18. Yes, whole lime with the skin on and chunks of raw ginger sounds strange, but you really must try it the traditional way to get the full effect. The key is balance. You gotta get your chunk-size and ingredient ratios right. You also use limes with very thin skin and cut both the lime and ginger into teeny-tiny cubes.

    Then, the leaves are rather small, so you only use 1-2 pieces of 1/4" cubed lime and ginger per packet. When combined with the other magical ingredients, it's really quite perfect. At Wat Mongkolratanaram in Berkeley, CA (restaurants don't usually serve, b/c too much prep work), the Mieng-Kom lady adds tiny dried shrimp. The customizable combo of toasted coconut, red onion or shallot, unsalted roasted peanut, dried salted shrimp, thin-skin lime, peeled young ginger and a tiny dollop of that thick, clear sweet herbed fish sauce in a fresh leaf is amazing.

    It goes in your mouth like a salad-based dumpling. You chew the leaf and it feels salady until BAM! the little packet bursts releasing it's tiny, but potent and balanced masala of contents. It mixes with the leaf in your mouth and you're already grabbing for the next one, slightly tweaking the ratios with each bite.

    I use about 2-3 peanuts, 1/2 tsp or so of each of the other ingredients per packet. It's perfect. Millions of Thai grandmas were not wrong on this one! ^_^

  19. Pyrate,
    I love the variety of ingredients in this little snack. Yum! Yum!

  20. The best part about this dish is that it comes on a stick (of course it does!) as street food in Bangkok. Five neat little cone-shaped bites for your enjoyment. So glad to see you're posting more traditional Thai dishes on here. Often times people just end up talking about the same old dishes over and over again.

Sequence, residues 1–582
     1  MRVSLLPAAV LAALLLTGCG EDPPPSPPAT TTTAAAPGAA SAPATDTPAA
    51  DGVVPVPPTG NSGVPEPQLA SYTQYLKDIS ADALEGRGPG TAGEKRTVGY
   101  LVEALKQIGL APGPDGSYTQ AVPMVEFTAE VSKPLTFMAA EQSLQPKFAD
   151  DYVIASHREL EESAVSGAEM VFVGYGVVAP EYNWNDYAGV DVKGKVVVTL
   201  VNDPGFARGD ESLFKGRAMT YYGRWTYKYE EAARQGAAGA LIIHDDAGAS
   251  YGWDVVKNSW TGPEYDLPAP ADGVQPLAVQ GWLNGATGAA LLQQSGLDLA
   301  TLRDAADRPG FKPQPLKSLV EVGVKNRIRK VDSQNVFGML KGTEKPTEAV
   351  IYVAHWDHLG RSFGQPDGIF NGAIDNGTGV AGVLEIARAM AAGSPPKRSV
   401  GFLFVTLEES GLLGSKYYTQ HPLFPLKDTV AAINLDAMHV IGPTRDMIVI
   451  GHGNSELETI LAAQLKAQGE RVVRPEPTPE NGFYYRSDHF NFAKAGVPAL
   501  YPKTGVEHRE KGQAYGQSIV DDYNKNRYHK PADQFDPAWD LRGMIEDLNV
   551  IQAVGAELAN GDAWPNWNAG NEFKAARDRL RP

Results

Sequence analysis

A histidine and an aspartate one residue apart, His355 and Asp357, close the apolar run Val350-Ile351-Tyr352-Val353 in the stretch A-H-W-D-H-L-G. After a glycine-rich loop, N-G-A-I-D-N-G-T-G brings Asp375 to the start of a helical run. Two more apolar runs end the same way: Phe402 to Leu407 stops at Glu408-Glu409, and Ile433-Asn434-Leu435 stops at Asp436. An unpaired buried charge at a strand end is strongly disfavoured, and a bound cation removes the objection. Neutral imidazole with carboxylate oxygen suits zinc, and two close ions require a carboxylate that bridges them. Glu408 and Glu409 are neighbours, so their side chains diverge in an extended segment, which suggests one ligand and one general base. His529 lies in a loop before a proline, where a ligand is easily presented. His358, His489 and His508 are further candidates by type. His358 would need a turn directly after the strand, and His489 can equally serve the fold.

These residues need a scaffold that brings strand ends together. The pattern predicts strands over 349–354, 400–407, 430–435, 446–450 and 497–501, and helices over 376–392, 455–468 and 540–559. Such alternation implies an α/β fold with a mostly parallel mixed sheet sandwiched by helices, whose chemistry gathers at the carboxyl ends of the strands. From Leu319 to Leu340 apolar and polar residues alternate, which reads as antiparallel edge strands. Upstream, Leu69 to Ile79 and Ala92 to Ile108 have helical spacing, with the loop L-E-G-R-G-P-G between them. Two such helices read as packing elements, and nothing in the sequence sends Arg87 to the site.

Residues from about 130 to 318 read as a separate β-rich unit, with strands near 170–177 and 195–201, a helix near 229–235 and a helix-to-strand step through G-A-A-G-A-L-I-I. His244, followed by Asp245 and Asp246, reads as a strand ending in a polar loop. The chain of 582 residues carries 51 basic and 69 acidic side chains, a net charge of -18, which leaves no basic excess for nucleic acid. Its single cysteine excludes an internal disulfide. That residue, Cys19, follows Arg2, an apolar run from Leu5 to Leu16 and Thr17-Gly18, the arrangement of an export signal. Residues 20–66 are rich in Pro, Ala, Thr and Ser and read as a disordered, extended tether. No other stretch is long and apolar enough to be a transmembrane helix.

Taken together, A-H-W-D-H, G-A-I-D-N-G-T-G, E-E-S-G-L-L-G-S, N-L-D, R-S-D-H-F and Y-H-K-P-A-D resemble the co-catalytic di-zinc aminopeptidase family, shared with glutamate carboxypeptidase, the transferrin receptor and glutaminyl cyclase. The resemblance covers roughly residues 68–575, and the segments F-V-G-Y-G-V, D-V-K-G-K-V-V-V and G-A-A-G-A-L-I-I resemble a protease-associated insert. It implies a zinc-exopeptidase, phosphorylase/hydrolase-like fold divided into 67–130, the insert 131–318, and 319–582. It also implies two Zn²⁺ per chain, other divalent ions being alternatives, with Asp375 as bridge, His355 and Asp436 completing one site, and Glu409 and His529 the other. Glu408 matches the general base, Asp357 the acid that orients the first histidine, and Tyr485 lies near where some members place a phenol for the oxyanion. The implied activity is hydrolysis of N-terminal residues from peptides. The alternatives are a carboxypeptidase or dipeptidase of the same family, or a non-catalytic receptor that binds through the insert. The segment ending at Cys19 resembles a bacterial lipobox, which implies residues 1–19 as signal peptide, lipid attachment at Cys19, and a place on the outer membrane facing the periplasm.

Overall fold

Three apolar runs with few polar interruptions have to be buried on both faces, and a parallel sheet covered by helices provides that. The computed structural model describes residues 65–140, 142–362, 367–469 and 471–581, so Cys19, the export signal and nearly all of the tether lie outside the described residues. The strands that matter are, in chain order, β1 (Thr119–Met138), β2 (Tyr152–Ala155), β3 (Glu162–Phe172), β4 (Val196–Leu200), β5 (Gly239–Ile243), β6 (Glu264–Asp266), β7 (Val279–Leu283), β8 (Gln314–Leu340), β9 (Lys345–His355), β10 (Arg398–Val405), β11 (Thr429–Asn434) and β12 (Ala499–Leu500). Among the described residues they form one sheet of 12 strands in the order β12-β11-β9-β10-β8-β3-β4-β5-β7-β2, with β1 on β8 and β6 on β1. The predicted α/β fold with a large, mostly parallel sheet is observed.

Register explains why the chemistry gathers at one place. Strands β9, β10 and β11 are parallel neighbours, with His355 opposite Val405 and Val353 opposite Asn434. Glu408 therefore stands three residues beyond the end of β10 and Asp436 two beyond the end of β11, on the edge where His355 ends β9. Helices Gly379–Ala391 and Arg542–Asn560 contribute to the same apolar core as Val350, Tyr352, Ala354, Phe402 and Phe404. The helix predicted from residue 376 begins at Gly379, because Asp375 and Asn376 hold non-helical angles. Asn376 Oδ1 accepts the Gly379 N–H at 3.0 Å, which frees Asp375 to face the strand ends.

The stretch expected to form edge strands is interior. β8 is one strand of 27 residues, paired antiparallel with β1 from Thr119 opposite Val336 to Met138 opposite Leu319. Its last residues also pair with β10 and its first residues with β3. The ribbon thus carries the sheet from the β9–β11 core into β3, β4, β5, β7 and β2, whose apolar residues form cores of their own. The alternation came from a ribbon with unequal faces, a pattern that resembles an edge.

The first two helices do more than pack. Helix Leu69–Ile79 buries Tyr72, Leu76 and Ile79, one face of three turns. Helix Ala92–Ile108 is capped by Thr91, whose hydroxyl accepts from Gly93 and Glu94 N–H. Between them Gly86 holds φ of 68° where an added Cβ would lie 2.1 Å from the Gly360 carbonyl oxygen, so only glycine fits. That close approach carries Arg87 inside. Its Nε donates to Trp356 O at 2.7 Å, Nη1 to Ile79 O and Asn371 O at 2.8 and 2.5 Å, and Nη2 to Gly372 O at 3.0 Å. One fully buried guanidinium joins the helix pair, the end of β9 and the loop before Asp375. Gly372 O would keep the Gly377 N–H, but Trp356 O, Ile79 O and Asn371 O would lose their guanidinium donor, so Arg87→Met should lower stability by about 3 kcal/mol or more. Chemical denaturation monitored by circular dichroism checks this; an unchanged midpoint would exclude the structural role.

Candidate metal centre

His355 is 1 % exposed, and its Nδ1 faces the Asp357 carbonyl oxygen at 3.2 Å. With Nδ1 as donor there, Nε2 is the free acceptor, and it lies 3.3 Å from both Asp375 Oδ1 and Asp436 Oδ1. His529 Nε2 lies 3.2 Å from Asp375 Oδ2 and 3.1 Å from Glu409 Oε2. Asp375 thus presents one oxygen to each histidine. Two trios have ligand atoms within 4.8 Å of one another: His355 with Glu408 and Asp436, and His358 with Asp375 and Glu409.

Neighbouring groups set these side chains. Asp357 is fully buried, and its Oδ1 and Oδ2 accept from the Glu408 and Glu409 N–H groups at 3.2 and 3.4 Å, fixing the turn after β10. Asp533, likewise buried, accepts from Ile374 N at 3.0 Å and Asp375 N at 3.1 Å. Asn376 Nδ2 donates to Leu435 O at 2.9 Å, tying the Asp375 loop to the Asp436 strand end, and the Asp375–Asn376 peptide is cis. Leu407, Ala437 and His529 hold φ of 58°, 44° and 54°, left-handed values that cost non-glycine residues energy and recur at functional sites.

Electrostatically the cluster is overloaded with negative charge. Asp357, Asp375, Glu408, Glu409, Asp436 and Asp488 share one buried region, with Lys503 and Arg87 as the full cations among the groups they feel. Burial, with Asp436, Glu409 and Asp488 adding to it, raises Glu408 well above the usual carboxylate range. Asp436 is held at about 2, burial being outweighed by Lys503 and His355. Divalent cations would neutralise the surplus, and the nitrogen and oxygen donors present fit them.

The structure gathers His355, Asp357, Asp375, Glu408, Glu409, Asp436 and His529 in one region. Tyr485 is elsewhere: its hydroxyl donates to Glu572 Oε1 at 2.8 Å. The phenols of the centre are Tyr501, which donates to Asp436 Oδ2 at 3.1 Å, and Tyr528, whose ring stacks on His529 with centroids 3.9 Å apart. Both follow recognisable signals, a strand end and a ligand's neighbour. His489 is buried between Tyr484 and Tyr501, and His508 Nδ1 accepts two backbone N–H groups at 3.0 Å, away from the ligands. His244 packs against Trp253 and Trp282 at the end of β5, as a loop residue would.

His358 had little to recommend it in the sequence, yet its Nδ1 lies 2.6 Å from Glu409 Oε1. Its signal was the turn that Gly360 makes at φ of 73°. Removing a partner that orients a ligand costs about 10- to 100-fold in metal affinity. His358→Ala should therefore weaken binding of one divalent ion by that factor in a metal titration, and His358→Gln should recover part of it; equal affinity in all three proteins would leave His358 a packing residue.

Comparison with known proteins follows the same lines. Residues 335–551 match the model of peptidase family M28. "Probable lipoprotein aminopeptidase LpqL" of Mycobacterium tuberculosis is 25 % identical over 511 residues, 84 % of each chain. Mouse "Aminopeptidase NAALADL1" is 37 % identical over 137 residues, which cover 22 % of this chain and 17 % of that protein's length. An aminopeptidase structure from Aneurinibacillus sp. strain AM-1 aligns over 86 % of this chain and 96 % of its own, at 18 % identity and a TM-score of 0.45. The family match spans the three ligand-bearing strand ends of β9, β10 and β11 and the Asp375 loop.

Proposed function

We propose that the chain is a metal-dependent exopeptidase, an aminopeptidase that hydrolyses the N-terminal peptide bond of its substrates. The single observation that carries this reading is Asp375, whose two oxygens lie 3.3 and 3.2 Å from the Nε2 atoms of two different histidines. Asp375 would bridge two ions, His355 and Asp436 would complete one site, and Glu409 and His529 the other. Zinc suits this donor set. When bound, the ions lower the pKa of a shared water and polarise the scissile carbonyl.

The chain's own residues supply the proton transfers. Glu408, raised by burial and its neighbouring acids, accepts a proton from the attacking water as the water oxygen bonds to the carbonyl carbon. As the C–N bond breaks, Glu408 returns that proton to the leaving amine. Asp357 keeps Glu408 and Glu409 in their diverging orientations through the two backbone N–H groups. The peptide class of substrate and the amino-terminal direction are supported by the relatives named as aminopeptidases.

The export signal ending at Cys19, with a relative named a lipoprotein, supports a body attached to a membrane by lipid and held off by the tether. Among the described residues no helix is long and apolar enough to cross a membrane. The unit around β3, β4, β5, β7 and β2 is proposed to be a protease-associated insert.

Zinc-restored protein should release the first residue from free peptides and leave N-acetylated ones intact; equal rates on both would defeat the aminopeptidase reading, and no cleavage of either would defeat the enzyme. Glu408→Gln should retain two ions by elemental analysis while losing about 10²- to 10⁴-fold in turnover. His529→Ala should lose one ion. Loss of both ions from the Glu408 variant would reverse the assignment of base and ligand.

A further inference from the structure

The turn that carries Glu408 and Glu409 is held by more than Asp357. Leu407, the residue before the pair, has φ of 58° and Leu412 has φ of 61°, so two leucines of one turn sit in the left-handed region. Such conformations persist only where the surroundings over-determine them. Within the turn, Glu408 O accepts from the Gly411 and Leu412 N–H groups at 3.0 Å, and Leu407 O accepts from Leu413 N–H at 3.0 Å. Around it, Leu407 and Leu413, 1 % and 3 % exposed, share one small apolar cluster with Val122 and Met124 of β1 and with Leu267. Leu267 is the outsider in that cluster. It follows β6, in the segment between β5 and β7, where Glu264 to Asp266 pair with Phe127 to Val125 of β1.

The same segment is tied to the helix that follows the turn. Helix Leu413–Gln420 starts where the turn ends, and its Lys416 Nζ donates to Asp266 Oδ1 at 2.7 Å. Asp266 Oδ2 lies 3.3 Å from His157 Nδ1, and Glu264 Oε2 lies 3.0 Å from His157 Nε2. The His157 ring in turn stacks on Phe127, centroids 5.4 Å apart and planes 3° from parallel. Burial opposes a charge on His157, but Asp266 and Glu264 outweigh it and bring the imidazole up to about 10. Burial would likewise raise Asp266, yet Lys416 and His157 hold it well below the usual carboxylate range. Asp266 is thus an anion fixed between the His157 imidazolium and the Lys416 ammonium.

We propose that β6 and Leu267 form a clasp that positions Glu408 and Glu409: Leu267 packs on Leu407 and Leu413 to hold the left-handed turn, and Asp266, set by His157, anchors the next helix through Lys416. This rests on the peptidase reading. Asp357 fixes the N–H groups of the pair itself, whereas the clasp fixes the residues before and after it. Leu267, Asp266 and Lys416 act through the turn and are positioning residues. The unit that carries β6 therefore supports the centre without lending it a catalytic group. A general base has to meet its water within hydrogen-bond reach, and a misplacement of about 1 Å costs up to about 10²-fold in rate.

Also, congrats on your discovery of the Bhan Khanom Thai (this romanization just *kills* me)! It's definitely a great find. It solves all my home-sick problems.

  21. Wisthai,
    I wish I had the skill to wrap it on a stick! I so want to go to Thailand and experience the street food. I thought this was a traditional Thai dish? Or does everyone just talk about pad Thai? Man, you're making me crave Bhan Khanom Thai. I haven't had a taro corn fritter in forever! I don't think your problem with its Romanization is the same as mine though since it just makes my Vietnamese spellings all screwy.

  22. Just stumbled in this recipe. I was in Thaila two years ago because my family is in Thailand. I tried this snack ( my brother in law loves thus snack). It's la trau not la lot that is used. The lemon piece accompanied the snack is cut very small. It's an acquiring taste snack. Will try again when I go there again soon.

  23. Cooking Addict,
    Oh really? The versions I've seen have only used la lot, or when that can't be found lettuce or gai lan leaves.